I would have loved to attend, but my health condition prevents me from traveling to Melbourne. So I’m posting this note on how I see this subject, in the hope that some of those attending may read it & may want, in the course of the workshop, to relate to points made here.
Talking about a just solution may seem utopian in the present circumstances.
Yet making this the subject of our contemplation is surely a most important moral choice: it is, first of all, taking a clear stand: What we seek, above all, is a just solution.
& articulating what is necessary for a just solution is surely a precondition for achieving as much of it as is achievable at any given stage.
If the goal is a just solution, it must be just to all concerned, no matter what their racial, ethnic, religious, national, or gender identity.
It seems to me that of “the topics to be covered” only the third, the right of return, really touches on the main subject. The second, BDS, is a question of strategy, not of a solution. The first, one state or two states, addresses the question of a just and equitable arrangement for the future harmonious co-existence of Palestinians & Israelis. But a just solution must surely also address past & present injustices. Not only for moral reasons, because otherwise the solution cannot be just, but also for pragmatic reasons: for people to believe in the possibility of a just future co-existence, they must also feel that justice will be done with regard to the past.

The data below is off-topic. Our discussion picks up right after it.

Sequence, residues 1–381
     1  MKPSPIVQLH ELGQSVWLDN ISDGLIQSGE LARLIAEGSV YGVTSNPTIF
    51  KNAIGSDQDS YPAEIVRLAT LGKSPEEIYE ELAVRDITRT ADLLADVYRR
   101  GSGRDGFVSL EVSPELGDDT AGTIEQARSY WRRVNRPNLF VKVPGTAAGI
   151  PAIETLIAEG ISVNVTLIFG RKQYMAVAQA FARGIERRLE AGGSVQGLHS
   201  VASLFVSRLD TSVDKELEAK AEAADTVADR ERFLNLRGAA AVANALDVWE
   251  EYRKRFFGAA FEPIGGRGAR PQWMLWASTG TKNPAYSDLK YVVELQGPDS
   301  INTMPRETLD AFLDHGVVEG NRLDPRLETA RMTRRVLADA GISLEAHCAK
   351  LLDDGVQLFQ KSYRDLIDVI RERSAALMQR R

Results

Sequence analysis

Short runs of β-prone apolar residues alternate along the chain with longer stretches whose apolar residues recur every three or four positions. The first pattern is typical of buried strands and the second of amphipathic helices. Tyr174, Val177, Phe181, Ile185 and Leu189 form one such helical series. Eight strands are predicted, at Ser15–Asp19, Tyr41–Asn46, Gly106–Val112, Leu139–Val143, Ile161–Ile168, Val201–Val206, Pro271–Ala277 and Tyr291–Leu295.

Thus any just solution must first of all acknowledge & attempt to redress the injustices that have been done and are still being done by Zionism and the Zionist State to the Palestinians whose homeland they have colonized.
Injustices perpetrated by people dispossessed or oppressed by colonization, in acts of resistance or revenge, cannot be justly considered as equally unconscionable as the acts of dispossession or oppression that prompted those responses.
The dispossessors & oppressors will need to acknowledge that
• The Zionist colonization, oriented to turn Palestine into “the Jewish State”, was from the outset unjust.
• The Balfour Declaration was unjust.
• The ethnic cleansing begun after the UN GA’s November 1947 recommendation for partition, & extended with the implementation of “Plan Dalet” on 1 April 1948, was unjust.
• The establishment in 1948 of the Zionist “Jewish state in Palestine, to be called Israel” was unjust.
• The continuing existence of the Zionist State ethnocracy in Palestine within the “Green Line” is unjust.
• The continuing military occupation, since 1967, of the West Bank and the continuing blockade of the Gaza Strip are unjust.
Each & all of these general injustices entails countless particular injustices to individual people: to non-Jewish Palestinians, obviously – but also, if less obviously, to “Israeli” Jewish Palestinians who have grown up in a regime that indoctrinates them to Zionist nationalism & forces them to serve in &/or be complicit in the continuing unjust occupation &/or exclusion from residence &/or full citizenship rights of non-Jewish Palestinians in their homeland.